The faithful in the generations before the coming of Christ are the great cloud of witnesses into whose company the Christ calls us in this morning’s Gospel with his very first commandment at the beginning of his public ministry: “Repent, for the Kingdom of Heaven has drawn near.”[6] The Kingdom of Heaven is that heavenly country for which the faithful of the OT lived in the substantive hope of faith. In the body of Christ, in the Church, where, through the Church’s hierarchical and sacramental iconography, we enter invisibly and visibly into the personal presence of Christ, that heavenly country has drawn near to us. In the wonder of Christ, that heavenly country is “in our midst.” The Joy of its feasts is forever with us. The faithful of the OT did not enter the heavenly city that was to come, and St Paul gives the reason: it was because God wanted them to be made perfect with us. They are made perfect with us in the sacramental mysteries of Christ. In his coming, and in his death and resurrection, Christ has led them into the heavenly country of the heavenly Father for which they hoped and for which they lived and died, and here in the Church, they stand with us in that heavenly country, surrounding us like a cloud of witnesses to the substance of faith’s hope: Christ the Sun of Righteousness, Christ the River of Joy, Christ the Fountain of Life, Christ the only-begotten Son of the Father, who by his baptism in the waters of the Jordan renews all of creation, infusing it with the uncreated light and life of his Holy Spirit, and who by his death on the Cross turns the death of the faithful into a Pascha, a New Exodus, a passing over from the land and shadow of death in this fallen world into the glorious light of the eternal Father’s heavenly Kingdom.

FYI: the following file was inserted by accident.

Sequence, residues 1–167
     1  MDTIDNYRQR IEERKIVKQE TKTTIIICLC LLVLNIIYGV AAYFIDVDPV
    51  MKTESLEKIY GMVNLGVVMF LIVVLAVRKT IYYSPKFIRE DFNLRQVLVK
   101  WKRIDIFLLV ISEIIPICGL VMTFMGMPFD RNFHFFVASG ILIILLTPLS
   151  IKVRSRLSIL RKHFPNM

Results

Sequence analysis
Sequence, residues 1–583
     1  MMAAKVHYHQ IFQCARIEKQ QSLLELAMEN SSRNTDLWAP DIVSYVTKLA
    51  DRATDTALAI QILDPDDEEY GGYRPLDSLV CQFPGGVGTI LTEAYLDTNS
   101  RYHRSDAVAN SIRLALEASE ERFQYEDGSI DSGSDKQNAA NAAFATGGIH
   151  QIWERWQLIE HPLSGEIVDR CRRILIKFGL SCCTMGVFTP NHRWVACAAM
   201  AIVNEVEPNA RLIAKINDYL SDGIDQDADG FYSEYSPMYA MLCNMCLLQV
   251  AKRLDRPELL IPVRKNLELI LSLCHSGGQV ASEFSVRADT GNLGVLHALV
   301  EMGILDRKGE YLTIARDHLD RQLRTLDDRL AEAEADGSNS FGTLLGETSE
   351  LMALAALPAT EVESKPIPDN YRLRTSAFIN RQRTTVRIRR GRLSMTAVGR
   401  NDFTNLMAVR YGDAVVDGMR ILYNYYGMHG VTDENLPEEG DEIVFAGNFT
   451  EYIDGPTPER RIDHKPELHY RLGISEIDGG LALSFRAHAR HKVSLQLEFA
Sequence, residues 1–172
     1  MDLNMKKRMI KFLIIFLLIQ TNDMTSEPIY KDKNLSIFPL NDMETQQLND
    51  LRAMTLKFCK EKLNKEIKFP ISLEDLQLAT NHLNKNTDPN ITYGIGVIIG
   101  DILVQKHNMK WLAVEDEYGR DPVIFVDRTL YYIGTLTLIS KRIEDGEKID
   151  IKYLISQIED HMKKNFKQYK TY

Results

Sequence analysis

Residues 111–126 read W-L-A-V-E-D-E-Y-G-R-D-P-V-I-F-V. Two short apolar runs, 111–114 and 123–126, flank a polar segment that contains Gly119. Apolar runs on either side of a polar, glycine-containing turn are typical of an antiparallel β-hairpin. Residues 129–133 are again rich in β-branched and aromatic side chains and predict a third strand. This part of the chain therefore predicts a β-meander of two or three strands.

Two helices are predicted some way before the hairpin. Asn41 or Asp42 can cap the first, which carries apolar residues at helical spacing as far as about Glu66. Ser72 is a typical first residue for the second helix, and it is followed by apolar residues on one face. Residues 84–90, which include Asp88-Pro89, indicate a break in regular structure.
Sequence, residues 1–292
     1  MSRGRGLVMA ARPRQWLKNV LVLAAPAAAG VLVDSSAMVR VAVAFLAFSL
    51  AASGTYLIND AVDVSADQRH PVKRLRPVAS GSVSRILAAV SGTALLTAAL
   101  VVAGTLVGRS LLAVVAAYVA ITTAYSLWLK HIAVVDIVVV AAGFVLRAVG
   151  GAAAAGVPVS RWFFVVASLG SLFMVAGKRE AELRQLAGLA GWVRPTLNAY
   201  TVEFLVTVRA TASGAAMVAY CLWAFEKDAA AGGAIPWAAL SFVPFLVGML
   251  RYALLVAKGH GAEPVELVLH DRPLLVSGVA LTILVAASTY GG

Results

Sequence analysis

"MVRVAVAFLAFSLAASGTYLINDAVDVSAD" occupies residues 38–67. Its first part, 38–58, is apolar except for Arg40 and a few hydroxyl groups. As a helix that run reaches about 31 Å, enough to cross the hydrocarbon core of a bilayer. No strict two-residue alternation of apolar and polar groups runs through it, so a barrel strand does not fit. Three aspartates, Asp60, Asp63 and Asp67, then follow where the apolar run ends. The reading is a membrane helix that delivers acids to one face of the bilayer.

“Repent.” This is the first commandment of Christ. It is the commandment by which we may enter into and become members of the laity, the faithful of the Church to find ourselves surrounded by this great cloud of witnesses from every land and country of every age. Repent means to change the way your mind thinks. In repentance, we change what our mind is grounded in and shaped by so that we begin to think in the way of faith. In repentance, the mind looks in faith no longer to the comforts and pleasures of the world that is passing away for its hope, but it looks steadfastly to Jesus, the author and finisher of our faith. In faith, we sell the treasures of the world that we harbor in our heart. With the virtues we acquire as our spiritual gold in the practice of the Church’s ascetic disciplines, centered on the right expression of faith – the observance of Christ’s commandments – we go out to purchase the pearl of great price, the pearl of eternal life in the Holy Spirit of God the Son, the very radiance and glory of the Heavenly Father. Repentance, then, is the work of faith by which the eyes of the mind are opened to see the substantive hope of faith. In repentance, we establish our mind in the way of faith and we find our joy in Him who, for the joy that was set before him, endured the cross, despising the shame, and who is now seated at the right hand of the throne of God. This the mind of faith knows from the testimony of the NT saints such as St Stephen the proto-martyr. This joy born from the substantive hope of faith that is rightly expressed in the observance of Christ’s commandments is the proof of the Gospel of the Lord Jesus Christ, the earnest of the Holy Spirit given to those who take up their Cross, the spiritual disciplines of the Church, as Christ commands those who desire in faith to follow him into the better country of his Heavenly Kingdom.